There’s a fascinating set of plaques along Minehead harbour wall, with room to sit and stare awhile to look for the answers to the puzzles posed alongside (as well as what each piece represents).
Here’s some information – I would have loved to hear the sea shanties. We have sung the Halsway Carol at choir as in Halsway Manor mentioned below.
Distinctive sculptures mark each end of the South West Coastal Path, currently the longest walking trail in England* at over 600 miles. This is the one found at Minehead and was put in place in 2001.
* = there is a project underway to create a coastal path around the whole of Britain. The Wales Coast Path has now superseded this one at around 870 miles and Wales is currently the only country in the world with a path around its entire coastline.
“The fair breeze blew, the white foam flew, the furrow followed free.”
~ The Rime of the Ancient Mariner, Samuel Taylor Coleridge
For me, one of the highlights of a trip on the West Somerset Railway is seeing the above quotation on a building as the train pulls into Watchet station. Sadly on Sunday it wasn’t to be seen. However, we did find the Ancient Mariner’s statue by the harbour.
The town is proud of its connection with Coleridge and being the inspiration for one of his most famous poems. I love how this has been translated into the statue’s floral adornment. Perhaps the daffodils are a nod to Coleridge’s friendship with Wordsworth?
At Washford station we learnt how the harbour at Watchet was made into a floating harbour like the one at Bristol for the Millennium, but the alterations led to problems with silting and the constant need for dredging. Here’s hoping Watchet harbour isn’t on course to being becalmed, just like the Ancient Mariner. It’s a lovely place to visit.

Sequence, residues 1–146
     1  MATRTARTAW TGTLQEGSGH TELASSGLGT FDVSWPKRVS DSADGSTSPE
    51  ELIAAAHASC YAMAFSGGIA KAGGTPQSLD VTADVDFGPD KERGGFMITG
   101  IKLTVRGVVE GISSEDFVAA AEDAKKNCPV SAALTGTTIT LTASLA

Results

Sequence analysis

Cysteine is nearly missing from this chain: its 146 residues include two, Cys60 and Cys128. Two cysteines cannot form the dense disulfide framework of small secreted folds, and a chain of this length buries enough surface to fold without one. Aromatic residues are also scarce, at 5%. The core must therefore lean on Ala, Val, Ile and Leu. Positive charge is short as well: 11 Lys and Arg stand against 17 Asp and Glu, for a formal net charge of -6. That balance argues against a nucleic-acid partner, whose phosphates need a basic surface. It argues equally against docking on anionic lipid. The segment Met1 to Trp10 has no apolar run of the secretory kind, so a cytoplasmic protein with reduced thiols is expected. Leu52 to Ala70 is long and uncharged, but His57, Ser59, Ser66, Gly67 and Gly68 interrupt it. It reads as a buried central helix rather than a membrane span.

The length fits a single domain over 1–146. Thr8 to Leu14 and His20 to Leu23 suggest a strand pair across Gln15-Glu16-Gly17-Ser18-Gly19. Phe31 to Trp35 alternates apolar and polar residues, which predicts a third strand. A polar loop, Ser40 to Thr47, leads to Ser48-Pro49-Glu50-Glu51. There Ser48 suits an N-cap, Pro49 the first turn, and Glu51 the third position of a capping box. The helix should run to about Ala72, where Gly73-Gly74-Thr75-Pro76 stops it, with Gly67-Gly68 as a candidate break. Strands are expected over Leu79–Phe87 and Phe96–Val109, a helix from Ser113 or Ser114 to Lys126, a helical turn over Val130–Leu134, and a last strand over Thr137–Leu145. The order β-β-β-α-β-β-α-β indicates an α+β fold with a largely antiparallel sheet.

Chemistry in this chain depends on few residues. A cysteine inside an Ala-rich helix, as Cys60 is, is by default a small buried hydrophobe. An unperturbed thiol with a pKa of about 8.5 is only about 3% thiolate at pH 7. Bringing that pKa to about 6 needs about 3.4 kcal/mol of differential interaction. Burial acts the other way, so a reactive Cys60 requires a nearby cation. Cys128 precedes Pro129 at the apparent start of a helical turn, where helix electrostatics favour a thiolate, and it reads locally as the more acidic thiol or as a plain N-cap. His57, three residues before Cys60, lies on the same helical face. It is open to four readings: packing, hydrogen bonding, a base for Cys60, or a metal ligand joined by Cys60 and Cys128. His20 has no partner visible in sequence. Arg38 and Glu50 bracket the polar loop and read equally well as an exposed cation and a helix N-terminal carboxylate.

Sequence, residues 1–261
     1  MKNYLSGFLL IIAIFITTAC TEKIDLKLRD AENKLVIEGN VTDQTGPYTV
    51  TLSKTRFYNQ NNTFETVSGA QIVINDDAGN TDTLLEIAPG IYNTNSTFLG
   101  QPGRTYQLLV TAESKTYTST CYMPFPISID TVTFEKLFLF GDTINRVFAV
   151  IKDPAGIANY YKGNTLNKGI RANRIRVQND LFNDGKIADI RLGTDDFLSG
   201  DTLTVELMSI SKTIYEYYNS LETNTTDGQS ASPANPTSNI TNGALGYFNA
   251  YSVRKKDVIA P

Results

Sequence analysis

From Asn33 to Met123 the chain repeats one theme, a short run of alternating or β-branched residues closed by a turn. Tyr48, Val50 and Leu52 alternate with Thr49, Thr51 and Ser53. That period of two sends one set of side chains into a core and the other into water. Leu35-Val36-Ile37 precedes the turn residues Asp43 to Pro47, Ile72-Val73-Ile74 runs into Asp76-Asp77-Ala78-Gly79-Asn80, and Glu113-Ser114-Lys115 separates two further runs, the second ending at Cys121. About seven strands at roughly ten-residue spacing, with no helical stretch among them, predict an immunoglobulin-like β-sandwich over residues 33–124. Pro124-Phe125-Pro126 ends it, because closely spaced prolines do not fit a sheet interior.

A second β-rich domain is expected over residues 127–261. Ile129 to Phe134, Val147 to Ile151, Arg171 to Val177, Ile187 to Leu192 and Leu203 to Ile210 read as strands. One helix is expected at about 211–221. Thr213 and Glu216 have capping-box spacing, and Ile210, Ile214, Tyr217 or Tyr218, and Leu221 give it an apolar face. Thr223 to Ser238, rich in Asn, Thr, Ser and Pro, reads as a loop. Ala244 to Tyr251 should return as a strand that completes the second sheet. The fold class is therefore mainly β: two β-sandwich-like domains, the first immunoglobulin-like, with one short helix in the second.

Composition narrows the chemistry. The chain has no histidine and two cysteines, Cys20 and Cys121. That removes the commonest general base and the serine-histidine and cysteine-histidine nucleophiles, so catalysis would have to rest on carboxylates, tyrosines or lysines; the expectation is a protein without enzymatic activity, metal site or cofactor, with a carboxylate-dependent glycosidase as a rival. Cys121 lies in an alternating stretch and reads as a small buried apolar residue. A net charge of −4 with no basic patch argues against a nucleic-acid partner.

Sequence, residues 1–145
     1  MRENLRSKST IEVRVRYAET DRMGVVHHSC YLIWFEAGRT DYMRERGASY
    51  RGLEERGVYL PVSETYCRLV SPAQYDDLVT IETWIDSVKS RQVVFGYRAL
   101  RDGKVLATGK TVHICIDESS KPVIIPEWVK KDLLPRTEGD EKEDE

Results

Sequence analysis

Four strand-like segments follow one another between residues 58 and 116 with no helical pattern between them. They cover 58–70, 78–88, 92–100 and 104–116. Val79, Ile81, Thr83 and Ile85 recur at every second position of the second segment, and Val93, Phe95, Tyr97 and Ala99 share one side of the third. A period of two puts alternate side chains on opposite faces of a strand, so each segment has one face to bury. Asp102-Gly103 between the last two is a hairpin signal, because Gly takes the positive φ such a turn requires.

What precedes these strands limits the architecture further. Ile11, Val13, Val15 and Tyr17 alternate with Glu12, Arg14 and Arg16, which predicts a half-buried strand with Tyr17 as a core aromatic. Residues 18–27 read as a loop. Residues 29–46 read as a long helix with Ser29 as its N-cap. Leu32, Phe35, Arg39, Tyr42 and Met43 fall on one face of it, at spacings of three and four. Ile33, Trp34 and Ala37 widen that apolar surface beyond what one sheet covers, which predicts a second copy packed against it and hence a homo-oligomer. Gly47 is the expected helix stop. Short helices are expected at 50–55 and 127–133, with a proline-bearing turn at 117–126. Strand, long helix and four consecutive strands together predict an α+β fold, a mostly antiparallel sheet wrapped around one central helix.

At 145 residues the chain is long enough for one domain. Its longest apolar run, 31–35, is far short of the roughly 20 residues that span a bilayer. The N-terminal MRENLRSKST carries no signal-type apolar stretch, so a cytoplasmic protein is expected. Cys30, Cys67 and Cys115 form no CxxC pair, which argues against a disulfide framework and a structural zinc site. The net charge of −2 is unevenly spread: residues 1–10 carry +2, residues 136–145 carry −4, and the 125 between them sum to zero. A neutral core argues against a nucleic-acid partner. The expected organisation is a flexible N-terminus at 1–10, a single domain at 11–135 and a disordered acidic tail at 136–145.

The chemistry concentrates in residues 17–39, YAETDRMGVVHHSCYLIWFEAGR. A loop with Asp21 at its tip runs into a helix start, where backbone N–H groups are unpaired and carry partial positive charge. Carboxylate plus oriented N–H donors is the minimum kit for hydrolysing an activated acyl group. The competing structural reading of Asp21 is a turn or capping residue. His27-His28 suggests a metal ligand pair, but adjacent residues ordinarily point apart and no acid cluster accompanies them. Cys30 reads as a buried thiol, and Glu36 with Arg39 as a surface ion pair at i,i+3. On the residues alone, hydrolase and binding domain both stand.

Twister is the name of the sculpture in front of the council offices by the river.
An aborted attempt to see some Chelsea Fringe gardens at Broadgate Circle near Liverpool Street revealed some unexpected delights instead.
I’ve also seen examples of Tom Hare’s work at Wisley. If you go there look out for the kohl rabi 🙂
This is one of Lisa Pettibone’s pieces on display as part of the Elements of Capability exhibition at Lacock Abbey.
I liked how the warped metal transformed the paths, sky, grass and surrounding vegetation into something quite surreal looking. It’s a bit like how Capability Brown dramatically altered many of the landscapes he was involved with.
The exhibition continues until 22nd May 2016
This amazing wrap-around sculpture by Laura Ellen Bacon can be seen at the Holburne Museum in Bath until October 4th 2015.
Her artist’s statement on her website says:
“I relish the opportunity to let a building ‘feed’ the form, as if some part of the building is exhaling into the work.”